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Types of Attraction


Sexuality, in simple terms, is about who and what you’re attracted to (but as we know, for a lot of people it’s not that simple)… There’s lots of different types of attraction, so let’s talk about them:

This is what a lot of people first think of when you say “sexuality”. Sexual attraction is physical, involving a physical reaction (arousal) and the desire to engage in physical activities. It feels important to emphasise it's desire that defines your sexual attraction, not the activities themselves (for example, you can be gay without having had sex with someone of the same gender!) Desire can also vary in intensity, from complete abstinence (self-enforced restraint) to a deeply passionate need.

This is all about who and what you fall in love with. Once again, this is separate from sexual attraction. For example; someone can be homosexual (same-sex attracted physically) but also be heteromantic (only falling in love with the ‘opposite’ sex). Like all attraction, it is a spectrum, and for some people, romantic attraction means they love emotional intimacy while others feel little to no romantic attraction.

It's easy to get this and sexual attraction confused. While sexual can be the desire to have sex with someone. Sensual attraction can be the desire to have physical contact with someone, excluding sex. Such as; wanting a hug, cuddle, hold, or just generally being close to someone. These desires don’t necessarily mean you also want to have sex with them.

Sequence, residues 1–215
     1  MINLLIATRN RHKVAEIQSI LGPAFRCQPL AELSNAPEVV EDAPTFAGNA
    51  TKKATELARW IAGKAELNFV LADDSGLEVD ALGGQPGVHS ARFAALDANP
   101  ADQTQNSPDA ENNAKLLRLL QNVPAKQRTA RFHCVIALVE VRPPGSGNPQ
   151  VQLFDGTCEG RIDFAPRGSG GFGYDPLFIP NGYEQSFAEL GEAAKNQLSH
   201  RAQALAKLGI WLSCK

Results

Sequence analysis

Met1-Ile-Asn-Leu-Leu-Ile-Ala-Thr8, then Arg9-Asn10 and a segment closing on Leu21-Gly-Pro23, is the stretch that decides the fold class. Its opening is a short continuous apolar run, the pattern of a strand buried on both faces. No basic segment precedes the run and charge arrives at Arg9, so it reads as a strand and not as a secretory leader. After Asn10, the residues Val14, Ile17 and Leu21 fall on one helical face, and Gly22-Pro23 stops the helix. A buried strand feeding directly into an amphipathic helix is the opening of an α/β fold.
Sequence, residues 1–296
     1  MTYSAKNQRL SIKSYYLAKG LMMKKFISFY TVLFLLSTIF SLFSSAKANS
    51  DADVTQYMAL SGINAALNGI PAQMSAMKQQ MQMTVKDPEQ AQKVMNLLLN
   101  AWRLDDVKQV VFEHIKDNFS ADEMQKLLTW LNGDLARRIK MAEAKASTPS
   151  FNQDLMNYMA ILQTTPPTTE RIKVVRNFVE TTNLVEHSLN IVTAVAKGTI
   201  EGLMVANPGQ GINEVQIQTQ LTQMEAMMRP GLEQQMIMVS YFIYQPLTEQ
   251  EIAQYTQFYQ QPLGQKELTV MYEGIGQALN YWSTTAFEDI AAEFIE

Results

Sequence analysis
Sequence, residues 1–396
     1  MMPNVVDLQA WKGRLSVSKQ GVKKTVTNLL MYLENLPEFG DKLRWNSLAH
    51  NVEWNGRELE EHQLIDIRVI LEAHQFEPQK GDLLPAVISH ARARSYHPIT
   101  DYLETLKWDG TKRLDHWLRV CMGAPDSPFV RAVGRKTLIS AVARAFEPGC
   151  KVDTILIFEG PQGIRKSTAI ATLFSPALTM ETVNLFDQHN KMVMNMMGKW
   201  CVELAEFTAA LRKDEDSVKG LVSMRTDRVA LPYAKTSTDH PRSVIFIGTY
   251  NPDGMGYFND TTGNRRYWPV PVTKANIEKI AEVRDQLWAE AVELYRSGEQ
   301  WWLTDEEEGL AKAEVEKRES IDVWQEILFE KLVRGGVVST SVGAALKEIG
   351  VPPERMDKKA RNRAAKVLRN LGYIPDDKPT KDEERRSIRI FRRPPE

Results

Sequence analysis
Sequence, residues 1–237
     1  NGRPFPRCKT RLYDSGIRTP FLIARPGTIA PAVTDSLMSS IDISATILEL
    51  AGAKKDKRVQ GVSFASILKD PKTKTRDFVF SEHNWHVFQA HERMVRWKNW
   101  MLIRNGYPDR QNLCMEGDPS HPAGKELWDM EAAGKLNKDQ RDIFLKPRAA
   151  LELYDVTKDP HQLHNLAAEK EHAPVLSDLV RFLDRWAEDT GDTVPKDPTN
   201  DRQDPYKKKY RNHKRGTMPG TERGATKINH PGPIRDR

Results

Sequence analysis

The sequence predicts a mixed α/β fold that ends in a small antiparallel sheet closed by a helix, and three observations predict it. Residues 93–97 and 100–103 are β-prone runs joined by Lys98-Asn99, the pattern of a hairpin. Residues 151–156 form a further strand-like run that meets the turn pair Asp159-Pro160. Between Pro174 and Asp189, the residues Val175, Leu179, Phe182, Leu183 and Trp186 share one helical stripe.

For a lot of people this is about finding someone who is ‘pleasing’ to the eye, but doesn't necessarily mean you want to have sex with them. For example, you can appreciate that a person is “handsome” or “beautiful” and not feel sexually attracted to them.

This is usually where friendships come into play. You may feel a desire for a certain person to be your friend, with no desire for sex. Being attracted to someone as a friend is often what allows us to pursue and form meaningful platonic relationships.

Alfred Kinsey (1948) came up with the Kinsey Scale. Instead of just putting people in categories such as straight, bi or gay, the Kinsey Scale works from a 0 to 6, where 0 means you’re 100% exclusively attracted to the ‘opposite sex’ and 6 meaning your 100% exclusively attracted to the same sex. This means you don’t have to be defined as “straight” (0) or “gay” (6), your attraction can be more complex and fluid!




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